Religious right on the wrong side


There are two issues the religious right has wrong, marriage and birth control.

In an article in the Tribune Chronicle, there was a story about an argument in the Oklahoma courts from the religious right about marriage being for procreation and not personal relationships.

Does this mean that women past their child-bearing years should be denied a marriage license because they can no longer procreate? Should they be banned from having any sex? What about people who are sterile; should everyone have to take a fertility test before getting a marriage license? Old people shouldn’t marry? With this logic it is no wonder some people say that a child conceived in rape is a gift from God and should not be aborted. It also figures in on the religious rights belief that birth control should be banned.

The religious right has a problem with what God gave everyone: free will. Some people believe that they are the ones to exercise free will and to do it on you and others. Free will, they believe, is a privilege to be acquired after their approval. Unfortunately the Supreme Court of the United States does sit in a position to do just that. The recent decision due out on religious freedom and the employer having a right to exercise their free will over yours may become something we will have to live with for a while.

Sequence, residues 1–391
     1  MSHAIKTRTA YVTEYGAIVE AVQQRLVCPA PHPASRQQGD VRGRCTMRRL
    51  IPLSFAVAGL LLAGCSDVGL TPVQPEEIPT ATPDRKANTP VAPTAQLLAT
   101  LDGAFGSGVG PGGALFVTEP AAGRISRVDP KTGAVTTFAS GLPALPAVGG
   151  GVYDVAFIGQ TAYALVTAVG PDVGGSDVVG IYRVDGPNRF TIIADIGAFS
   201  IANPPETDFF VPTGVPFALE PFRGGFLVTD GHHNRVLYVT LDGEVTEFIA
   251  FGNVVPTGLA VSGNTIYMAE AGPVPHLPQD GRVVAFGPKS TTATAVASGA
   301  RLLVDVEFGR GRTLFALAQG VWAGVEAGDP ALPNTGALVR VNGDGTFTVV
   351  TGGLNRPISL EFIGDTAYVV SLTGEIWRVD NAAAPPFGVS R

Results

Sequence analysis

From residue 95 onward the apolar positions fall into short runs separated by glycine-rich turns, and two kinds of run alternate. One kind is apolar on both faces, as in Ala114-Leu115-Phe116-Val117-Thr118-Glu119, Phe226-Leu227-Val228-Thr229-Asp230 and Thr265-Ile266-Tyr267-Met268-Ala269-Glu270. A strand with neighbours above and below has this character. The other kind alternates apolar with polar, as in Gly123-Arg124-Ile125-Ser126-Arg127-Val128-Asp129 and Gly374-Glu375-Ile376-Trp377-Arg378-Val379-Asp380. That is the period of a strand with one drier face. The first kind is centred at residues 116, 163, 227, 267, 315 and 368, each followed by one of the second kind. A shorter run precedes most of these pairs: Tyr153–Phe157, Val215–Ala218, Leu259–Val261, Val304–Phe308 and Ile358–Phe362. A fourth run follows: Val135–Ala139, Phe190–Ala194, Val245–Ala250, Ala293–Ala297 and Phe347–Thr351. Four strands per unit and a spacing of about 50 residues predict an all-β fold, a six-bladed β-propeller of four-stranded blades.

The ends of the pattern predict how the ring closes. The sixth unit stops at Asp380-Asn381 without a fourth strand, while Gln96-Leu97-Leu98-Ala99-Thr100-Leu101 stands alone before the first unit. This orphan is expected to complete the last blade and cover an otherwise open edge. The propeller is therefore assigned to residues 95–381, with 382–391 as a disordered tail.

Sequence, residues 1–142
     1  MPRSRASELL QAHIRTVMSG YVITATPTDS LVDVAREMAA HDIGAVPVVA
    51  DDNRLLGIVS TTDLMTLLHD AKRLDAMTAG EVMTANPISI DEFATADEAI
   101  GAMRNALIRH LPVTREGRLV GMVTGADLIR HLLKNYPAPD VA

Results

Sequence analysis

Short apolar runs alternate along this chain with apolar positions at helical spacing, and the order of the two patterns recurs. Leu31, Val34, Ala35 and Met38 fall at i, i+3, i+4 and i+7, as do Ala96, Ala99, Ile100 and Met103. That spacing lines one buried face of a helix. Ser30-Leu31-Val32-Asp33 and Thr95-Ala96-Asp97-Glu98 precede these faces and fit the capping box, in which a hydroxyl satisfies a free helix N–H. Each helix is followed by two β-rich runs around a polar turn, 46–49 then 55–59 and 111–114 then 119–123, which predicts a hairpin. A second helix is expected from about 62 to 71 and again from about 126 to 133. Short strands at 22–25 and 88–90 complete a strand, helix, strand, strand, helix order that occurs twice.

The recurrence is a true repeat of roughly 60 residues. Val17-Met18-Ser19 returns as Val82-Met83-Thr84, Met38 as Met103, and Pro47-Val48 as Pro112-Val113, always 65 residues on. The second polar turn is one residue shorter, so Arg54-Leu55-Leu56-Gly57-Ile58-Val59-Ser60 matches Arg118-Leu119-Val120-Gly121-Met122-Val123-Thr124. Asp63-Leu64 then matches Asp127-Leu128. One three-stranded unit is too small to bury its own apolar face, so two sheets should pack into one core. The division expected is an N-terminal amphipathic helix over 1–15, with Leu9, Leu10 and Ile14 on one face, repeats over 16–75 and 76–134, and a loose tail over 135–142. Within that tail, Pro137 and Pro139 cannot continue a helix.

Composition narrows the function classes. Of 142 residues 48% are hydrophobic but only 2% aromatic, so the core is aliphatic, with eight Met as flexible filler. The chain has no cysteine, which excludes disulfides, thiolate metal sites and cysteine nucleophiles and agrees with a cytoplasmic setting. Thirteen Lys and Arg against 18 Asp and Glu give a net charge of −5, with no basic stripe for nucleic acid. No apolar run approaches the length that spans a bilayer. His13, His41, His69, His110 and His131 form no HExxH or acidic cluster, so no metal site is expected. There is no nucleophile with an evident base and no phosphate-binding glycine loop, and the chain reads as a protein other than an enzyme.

However, there will be anarchy if they rule in favor of the employer because it won’t stop there. Any law in the United States will have been given the get out of doing card by anyone not just corporations simply by expressing the words “it’s against my religion.” Don’t want to pay taxes??Against my religion. Don’t want to obey a court order??Government is against my religion. Want to kill someone? Hey, it’s my religious right to do so and it’s in the Bible to stone people or kill them.

You can’t just rule on this because you don’t like a law and want to see it hurt or repealed. You also can’t rule on it because your religious belief tells you what this law is providing, birth control, is wrong. That’s not what the court is for. Let’s hope there are at least five justices that understand that.

Preaching against an action is one thing; using the freedom of religion clause to get out of your civil responsibilities is quite another.

There is a balance between individual freedom and the freedom of a group to repress individual freedoms. Should the court rule in favor of the employer in this case, then tyranny will become ramped in the United States.

Leif P. Damstoft